# What is Lagrange

## The Lagrange method

Another approach used to calculate optimal bundles of consumer goods is **Lagrange method**. It is used for *Determination of an optimum* taking into account *Constraints*.

This method is briefly presented here for the sake of completeness, as the notation differs from the previous one. However, the results are identical to the procedure discussed above.

The goal is again to maximize the utility of a household. A Cobb-Douglas utility function will serve as an example.

$ \ m = 64 $,

$ \ p_1 = 2 $,

$ \ p_2 = 8 $

Utility function: $ \ u = (x_1 \ cdot x_2) ^ {0.5} $

### Lagrange optimization under constraints

The utility function should take into account the *Budget constraint as a secondary condition* can be maximized. To do this, the **Lagrange function** be formulated. It results as:

$ \ L (x_1, x_2, \ lambda) = objective function + \ lambda \ cdot (secondary condition) $

"$ \ \ lambda $" is that **Lagrange multiplier**. As we shall see, it disappears in the course of the calculation. Its determination is possible, but should not be of further interest to us here. This is part of an advanced course on microeconomics.

Before we set up the Lagrange function for our example, we just have to take a look at the **Secondary condition** throw. It has to be transformed so that there is a zero on one side of the equation. In our example, the budget constraint becomes $ \ 64 = 2x_1 + 8x_2 $ so $ \ 64-2x_1-8x_2 = 0 $.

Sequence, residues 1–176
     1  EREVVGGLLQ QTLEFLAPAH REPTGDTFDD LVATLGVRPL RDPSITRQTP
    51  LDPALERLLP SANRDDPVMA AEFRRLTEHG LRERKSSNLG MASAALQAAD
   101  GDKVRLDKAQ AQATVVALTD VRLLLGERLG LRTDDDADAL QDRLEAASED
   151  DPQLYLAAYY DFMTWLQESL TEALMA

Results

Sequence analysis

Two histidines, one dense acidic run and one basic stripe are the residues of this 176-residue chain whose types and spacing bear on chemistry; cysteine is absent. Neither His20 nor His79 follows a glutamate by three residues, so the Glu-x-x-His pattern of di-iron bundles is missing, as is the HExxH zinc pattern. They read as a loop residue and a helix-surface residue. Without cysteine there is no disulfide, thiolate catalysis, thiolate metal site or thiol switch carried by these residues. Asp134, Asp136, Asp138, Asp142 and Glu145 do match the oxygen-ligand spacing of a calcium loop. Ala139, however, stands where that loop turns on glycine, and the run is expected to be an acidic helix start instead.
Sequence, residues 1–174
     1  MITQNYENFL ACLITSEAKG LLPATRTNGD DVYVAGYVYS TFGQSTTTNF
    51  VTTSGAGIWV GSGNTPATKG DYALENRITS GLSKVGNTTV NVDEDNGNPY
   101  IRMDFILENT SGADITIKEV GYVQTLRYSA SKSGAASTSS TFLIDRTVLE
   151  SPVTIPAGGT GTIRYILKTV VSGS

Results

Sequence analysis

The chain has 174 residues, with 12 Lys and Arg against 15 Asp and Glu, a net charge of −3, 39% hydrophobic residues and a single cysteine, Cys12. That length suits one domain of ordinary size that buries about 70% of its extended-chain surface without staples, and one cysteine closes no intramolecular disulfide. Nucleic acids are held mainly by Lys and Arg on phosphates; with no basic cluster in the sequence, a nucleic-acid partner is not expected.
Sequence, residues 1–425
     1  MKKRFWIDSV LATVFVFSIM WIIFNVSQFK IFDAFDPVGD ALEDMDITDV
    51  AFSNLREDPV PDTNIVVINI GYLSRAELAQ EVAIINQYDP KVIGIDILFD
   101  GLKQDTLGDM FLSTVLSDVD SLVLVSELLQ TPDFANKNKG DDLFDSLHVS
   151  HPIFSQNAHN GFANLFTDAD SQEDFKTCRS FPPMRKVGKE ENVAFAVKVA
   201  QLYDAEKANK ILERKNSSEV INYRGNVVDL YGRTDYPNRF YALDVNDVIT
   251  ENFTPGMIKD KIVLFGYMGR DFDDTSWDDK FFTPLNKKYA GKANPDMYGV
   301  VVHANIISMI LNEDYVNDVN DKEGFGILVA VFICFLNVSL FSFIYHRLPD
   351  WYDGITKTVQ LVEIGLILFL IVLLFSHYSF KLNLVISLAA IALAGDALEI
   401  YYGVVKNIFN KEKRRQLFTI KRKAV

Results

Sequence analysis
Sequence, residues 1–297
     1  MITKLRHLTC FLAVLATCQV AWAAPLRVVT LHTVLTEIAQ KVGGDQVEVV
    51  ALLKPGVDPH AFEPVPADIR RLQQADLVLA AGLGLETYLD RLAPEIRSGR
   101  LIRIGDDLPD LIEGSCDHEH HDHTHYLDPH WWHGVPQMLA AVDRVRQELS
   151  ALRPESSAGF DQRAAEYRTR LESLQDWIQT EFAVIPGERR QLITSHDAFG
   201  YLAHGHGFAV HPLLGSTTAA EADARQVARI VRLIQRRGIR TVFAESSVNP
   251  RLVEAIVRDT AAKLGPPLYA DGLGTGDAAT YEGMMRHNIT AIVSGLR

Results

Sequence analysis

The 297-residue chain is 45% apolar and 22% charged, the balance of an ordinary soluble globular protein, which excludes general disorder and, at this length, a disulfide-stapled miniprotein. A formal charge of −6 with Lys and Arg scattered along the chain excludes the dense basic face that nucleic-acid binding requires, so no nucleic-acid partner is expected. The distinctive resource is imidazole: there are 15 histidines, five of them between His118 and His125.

If we now set up the complete function, we get:

$$ \ L (x_1, x_2, \ lambda) = (x_1 \ cdot x_2) ^ {0.5} + \ lambda \ cdot (64-2x_1-8x_2) $$ The next step is to derive all three variables $ \ x_1, x_2 $ and $ \ \ lambda $.

This results in three functions:

$$ \ {dL \ over dx_1} = 0.5 \ cdot x1 ^ {- 0.5} \ cdot x_2 ^ {0.5} - \ lambda \ cdot 2 = 0 $$ $$ \ {dL \ over dx_2 } = 0.5 \ cdot x1 ^ {0.5} \ cdot x_2 ^ {- 0.5} - \ lambda \ cdot 8 = 0 $$ $$ \ {dL \ over d \ lambda} = 64-2x_1- 8x_2 = 0 $$

It is important that the first two functions not only represent the derivation of the utility function, but also from the constraint $ \ - \ lambda \ cdot 2 $ (in general: $ \ - \ lambda p_1 $) or $ \ - \ lambda \ cdot 8 \ (- \ lambda p_2) $ must be added. The last derivation only gives the reformed budget constraint.

With the first two equations, $ \ - \ lambda \ cdot 2 $ or $ \ - \ lambda \ cdot 8 $ are brought to the other side in the next step. Then they are each divided by 2 ($ \ p_1 $) or 8 ($ \ p_2 $), so that only $ \ \ lambda $ is on one side of the equation.

Since both functions have $ \ \ lambda $ on one side, they can be equated. So we get:

$$ \ {0.5 \ times x_1 ^ {- 0.5} \ times x_2 ^ {0.5} \ over 2} = {0.5 \ times x_1 ^ {0.5} \ times x_2 ^ {- 0.5} \ over 8} $$ If this equation is multiplied, the result is: $ \ x_2 = {1 \ over 4} \ cdot x_1 $. This can be used again in the normal way in the budget restriction. Then the result can be determined. It reads here (16; 4).

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